Some people might ask why not just set up the attack time of the compressor to retain as much as the natural attack of the instrument as possible?
If we were to set it up so the natural attack is retained as much as possible, it would effectively render the process pointless, because there would basically be no volume reduction on the instruments at all.
Gain – Output Level
The Gain on the compressor is the easiest parameter to use on the entire compressor, because it simply acts as the “make-up gain,” or the volume control.
Whenever we compress a signal, there is a loss of volume somewhere along the line.
What you can do when compressing the guitar, or any instrument for that matter, is to turn the compressor on and off while adjusting the make-up gain to match the before and after volumes.
I like to normally increase the volume of the instrument, so I make sure there is some make-up gain set-up. It really depends on the instrument.
In the case of the latest song I worked on, I had the Make-Up Gain set to +1.0dB, that way there was a little increase in volume whenever I turned the compressor on and off.
Where To Place The Compressor In The Signal Chain
In terms of the signal chain, you typically want the compressor to come before all else with the exception of the noise gate (more on noise gates and background noise in my guide), especially in the case of a guitar tone with reverb, delay, wah, and other effects.
However, it also depends on what you’re going for.
If you think about it logically, this is what makes the most sense, because the compressor allows us to shape the volume of all of the guitar’s signals, therefore, we don’t want to add the compressor after the reverb and delay, because then we’ll be compressing the sound of the reverb and the delay, rather than just the guitar.
It’s a good practice to use the compressor before, and then the FX after, that way when we apply the FX, we’re applying them to a signal whose dynamics are already at the level we want.
The same thing could be said for the distortion as well. We want to add the distortion to the sound after it’s already been compressed, but with some exceptions.
In the case of using a compressor on a distorted guitar sound, after the distortion in the signal chain, then we have to be more careful with how we set both the threshold, ratio, as well as the attack and release.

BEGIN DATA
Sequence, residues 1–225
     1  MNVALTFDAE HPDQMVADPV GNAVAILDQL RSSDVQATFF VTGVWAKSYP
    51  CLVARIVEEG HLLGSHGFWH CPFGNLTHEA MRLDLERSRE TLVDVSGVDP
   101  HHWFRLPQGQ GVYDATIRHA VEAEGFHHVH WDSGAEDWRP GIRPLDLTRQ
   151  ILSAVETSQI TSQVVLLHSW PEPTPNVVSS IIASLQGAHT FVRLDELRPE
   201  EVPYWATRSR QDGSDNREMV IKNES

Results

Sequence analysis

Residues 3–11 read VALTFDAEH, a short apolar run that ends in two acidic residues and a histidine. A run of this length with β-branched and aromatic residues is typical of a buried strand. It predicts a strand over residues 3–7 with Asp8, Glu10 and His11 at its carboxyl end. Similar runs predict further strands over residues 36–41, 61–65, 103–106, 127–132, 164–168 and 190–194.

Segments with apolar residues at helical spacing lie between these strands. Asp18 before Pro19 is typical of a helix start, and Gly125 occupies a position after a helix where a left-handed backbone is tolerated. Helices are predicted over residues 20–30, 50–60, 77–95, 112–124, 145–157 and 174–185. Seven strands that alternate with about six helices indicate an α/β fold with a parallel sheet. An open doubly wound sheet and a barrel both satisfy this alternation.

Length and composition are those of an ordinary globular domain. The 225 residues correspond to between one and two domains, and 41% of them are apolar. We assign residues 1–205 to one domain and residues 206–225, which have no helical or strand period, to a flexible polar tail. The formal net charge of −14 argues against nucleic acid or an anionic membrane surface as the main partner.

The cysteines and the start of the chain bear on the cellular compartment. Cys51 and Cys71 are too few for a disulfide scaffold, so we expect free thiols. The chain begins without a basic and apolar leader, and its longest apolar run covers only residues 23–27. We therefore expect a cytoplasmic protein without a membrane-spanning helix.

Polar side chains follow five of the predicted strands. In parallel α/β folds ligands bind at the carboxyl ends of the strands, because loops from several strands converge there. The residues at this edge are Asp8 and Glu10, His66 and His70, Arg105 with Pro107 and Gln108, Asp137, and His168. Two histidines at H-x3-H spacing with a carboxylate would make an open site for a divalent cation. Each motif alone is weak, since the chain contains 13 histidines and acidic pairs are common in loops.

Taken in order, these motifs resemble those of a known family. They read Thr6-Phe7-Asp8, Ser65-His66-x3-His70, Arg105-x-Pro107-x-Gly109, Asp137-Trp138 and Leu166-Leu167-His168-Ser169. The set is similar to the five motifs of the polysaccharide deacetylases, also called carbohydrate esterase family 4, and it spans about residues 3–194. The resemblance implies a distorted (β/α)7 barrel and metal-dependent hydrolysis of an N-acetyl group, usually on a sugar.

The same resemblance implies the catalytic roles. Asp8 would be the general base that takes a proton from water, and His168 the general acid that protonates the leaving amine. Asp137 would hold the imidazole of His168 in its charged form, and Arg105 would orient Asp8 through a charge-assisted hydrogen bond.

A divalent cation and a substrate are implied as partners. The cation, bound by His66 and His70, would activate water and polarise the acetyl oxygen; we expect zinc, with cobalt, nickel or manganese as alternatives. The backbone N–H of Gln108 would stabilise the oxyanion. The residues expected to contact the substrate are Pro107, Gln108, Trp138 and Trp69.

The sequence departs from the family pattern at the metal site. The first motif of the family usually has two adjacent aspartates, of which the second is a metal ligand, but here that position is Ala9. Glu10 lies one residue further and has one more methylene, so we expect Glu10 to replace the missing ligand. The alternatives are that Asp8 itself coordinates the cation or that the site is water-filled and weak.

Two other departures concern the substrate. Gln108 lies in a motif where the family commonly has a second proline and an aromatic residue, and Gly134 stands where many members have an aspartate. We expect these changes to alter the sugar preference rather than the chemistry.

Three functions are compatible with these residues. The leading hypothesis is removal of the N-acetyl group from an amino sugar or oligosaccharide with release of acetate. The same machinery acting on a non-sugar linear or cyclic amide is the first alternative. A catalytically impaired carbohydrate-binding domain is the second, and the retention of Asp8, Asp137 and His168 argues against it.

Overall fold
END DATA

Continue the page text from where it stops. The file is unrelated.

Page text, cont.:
For instance, if we’ve cranked up the threshold and ratio on the distorted guitar signal, a consequence of this might be that we’ve also increased the volume of the distortion rather than the guitar’s natural sound. In terms of how this will sound, it’ll sound messier and fuzzier.
Moving on to the next part of the tutorial.
In this part, I’m just going to show you some of Garageband’s presets that I’ve modified a little bit, and I’ll explain what I changed and why.
Compressing Acoustic Guitars
*Track Volume set at -15.0dB
This is a pre-set I created that’s built off of Garageband’s “Acoustic Guitar” pre-set.
The only thing I’ve changed here is the gain and the attack. I increased the gain by 3.5dB and I also dropped the Attack down to 20 milliseconds, rather than 80 milliseconds.
The reason why I changed the attack down to 20ms, is because I wanted to reduce the sound of the pick hitting the strings.
In terms of the gain, I increased it by 3.5dB just to ensure there is somewhat of an increase in volume.
Go ahead and experiment with this pre-set on your acoustic guitar track, and oscillate between 80ms and 20ms, and notice the way in which it affects the sound of the pick plucking the strings. A big part of how the acoustic guitar sounds obviously depends on how you’ve recorded it (my guide on this) as well.
Compressing Clean Guitars
*Track Volume set at -19.0dB
The original pre-set has its gain set to +1.0dB and the threshold set to around -22.5dB, however, I changed the threshold and the gain just by a little bit because I just wanted to bring a bit of volume balance to the guitar track.
This one is based on the “Classic Guitar” preset.
Compressing Distorted Guitars
*Track volume set to -12.5dB
In this case, I used the “Crunch Guitar” pre-set, however, I increased the threshold, ratio, and the gain, that way it evened out the sound entirely.
Typically speaking, the more you drop the threshold closer to -50dB, the more of the signal you’re compressing, and the higher the ratio, the stronger the compression on the signal that’s being compressed, and then you use the gain to make up for the volume that was lost in the compression process.
YouTube Video Tutorial
That’s all I really have on this topic for today. At some point in the future, I’ll revisit this topic again and add a ton of tricks, pre-sets, and other important things that I’ve learned.
It’s really up to you to experiment with many of these things and figure out what works for you.